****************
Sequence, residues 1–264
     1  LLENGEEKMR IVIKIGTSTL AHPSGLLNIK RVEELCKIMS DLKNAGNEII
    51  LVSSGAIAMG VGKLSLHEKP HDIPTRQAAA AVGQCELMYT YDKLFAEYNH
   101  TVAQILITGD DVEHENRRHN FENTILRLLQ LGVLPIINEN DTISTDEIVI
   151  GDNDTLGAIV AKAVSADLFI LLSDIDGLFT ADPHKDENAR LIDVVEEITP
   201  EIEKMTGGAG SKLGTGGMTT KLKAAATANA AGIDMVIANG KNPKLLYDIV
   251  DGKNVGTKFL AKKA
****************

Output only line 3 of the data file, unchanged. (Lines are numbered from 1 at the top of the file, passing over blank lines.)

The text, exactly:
    51  LVSSGAIAMG VGKLSLHEKP HDIPTRQAAA AVGQCELMYT YDKLFAEYNH